Older Tennesseans increasingly face hunger, AARP says Therese Marrs has learned the art of stretching a link of smoked sausage, a jar of cheese and a box of macaroni into three meals every week. The 56-year-old Smyrna mother struggles to make the meals come together for her husband and 16-year-old daughter each week, since she was laid off from her quality assurance job at a factory in February.
Posting a cash bond. Ordering barbecue pork skins and MoonPies. Submitting a grievance about a jailer. Those are among the things inmates soon could be doing through Internet-connected kiosks at the Hamilton County Jail. Officials are interviewing companies that would install and service the machines throughout the jail, which houses about 500 inmates at the downtown facility.
House Republicans, including Tennessee Rep. Marsha Blackburn, are seeking an explanation from the Obama administration for its decision to raid the facilities of Nashville-based Gibson Guitar Corp. last month. “It is hard to conclude anything other than the fact that your agencies and this Administration are actively pursuing regulatory and legal policies that discourage job growth in the United States and encourage shipping those very same jobs overseas,” Blackburn and three other Republicans on the House Energy and Commerce Committee wrote in a letter to the heads of the Interior Department, Justice Department and Fish and Wildlife Service on Thursday.
Radios, emergency response equipment and training paid for with homeland security money have turned out to be a big help for agencies responding to devastating storms. The legacy of the Sept. 11, 2001, terror attacks showed up when emergency workers in tornado-ravaged communities in Tennessee, Alabama and Georgia responded to deadly tornadoes in late April.
A thousand pounds of hard metal, electronic circuitry and cold, bionic attitude, “Wolverine’’ lurches forward on tanklike tracks and snatches a soda can. “It’s extraordinarily powerful,’’ warned Lt. Perry McEwen, homeland security executive officer for the Shelby County Sheriff’s Office.
The shopping mall. Federal buildings. Certainly the airport. Security seems tighter everywhere. But a decade after the terrorist attacks of Sept. 11, 2001, there are fewer security personnel on guard in 18 states, according to an analysis by Scripps Howard News Service. While the number of security jobs in the federal government has skyrocketed — with 377 percent growth nationwide since 9/11 — security employment overall has declined in many parts of the country.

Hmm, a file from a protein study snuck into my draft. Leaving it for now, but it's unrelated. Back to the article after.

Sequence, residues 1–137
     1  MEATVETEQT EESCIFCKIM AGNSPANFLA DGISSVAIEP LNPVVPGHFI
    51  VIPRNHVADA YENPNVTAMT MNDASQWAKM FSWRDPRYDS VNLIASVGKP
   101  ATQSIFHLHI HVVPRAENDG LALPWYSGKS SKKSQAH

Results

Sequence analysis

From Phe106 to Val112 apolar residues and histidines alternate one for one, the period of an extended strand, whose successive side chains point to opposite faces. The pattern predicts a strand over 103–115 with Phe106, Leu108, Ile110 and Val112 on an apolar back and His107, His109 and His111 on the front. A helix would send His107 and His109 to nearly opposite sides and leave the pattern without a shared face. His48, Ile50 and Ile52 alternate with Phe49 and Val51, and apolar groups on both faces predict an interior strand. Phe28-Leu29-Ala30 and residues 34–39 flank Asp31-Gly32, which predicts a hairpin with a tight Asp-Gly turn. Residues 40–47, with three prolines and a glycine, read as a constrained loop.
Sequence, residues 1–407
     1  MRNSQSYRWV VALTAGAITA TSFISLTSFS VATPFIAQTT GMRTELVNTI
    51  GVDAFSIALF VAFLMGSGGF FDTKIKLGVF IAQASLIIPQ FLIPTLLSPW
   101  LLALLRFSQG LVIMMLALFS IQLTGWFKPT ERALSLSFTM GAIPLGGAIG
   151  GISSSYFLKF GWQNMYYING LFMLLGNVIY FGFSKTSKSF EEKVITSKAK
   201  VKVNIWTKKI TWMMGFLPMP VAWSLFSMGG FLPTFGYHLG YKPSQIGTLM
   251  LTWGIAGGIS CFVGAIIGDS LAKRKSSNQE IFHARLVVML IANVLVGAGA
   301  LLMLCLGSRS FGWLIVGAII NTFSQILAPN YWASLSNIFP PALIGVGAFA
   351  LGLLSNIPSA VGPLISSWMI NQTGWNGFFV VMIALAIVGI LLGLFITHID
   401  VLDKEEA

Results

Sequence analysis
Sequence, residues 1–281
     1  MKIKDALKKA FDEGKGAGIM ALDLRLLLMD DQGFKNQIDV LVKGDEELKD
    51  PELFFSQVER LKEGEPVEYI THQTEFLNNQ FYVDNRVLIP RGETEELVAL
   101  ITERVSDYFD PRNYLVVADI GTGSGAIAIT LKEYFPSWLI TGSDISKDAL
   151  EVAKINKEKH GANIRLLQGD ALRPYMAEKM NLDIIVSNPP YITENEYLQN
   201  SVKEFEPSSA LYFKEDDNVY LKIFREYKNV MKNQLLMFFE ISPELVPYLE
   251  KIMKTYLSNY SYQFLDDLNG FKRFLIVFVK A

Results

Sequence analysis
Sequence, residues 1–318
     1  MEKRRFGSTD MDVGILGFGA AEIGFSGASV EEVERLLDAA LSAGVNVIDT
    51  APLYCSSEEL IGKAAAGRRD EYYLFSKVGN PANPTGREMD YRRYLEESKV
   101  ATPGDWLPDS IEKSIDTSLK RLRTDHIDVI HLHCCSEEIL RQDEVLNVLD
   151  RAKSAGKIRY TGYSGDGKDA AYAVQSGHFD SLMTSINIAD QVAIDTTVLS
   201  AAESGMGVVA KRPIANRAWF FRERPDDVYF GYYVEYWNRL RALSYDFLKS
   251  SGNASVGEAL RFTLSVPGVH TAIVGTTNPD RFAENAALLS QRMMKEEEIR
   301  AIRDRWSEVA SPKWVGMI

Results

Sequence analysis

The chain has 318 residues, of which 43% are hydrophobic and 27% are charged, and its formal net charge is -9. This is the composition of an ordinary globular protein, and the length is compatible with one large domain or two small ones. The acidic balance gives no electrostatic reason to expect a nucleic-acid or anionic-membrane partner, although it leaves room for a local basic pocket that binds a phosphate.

Imagine a nation without the Postal Service. No more birthday cards and bills or magazines and catalogs filling the mailbox. It’s a worst-case scenario being painted for an organization that lost $8.5 billion in 2010 and seems headed deeper into the red this year.
A Southwest Airlines flight destined for Baltimore has been diverted to Nashville after what an airline official described as “suspicious behavior” by a passenger. The flight, which originated in Albuquerque on Saturday morning, was reset for a 3:15 CDT departure.
In the decade since the Sept. 11, 2001, terrorist attacks, TVA has spent more than $100 million to beef up security at its three nuclear plants. It has spent millions more to protect its 29 hydroelectric dams, 11 coal plants, four gas plants, its power grid system with 17,000 miles of transmission lines and offices in Chattanooga, Knoxville and Muscle Shoals, Ala.
Company says it’s still committed to project Construction bids for an Electrolux site at Frank C. Pidgeon Industrial Park are about $30 million higher than expected, but company executives and city officials say the Swedish appliance manufacturer remains committed to building the facility. In a Sept. 2 letter to Memphis Mayor AC Wharton and Shelby County Mayor Mark Luttrell, Electrolux said it still “intends to honor its obligations” outlined in a December development agreement with the city and county.
The high school seniors in Ginny Kidd’s American government class were 7 years old when the 9/11 attacks took place—barely old enough to remember the horrible day when nearly 3,000 lives American lives were ended by terrorists. Kidd, who was teaching at Hixson High School on Sept. 11, 2001, has spent the 10 years since the attacks leading her classes in discussions around the trajectory of global events that stemmed from that day.
California lawmakers overwhelmingly approved a compromise bill Friday night giving Amazon.com a one-year reprieve from having to collect a sales tax from its customers in the state. Under the new measure, Amazon agreed to start collecting the tax in September 2012 unless there was federal legislation on the issue.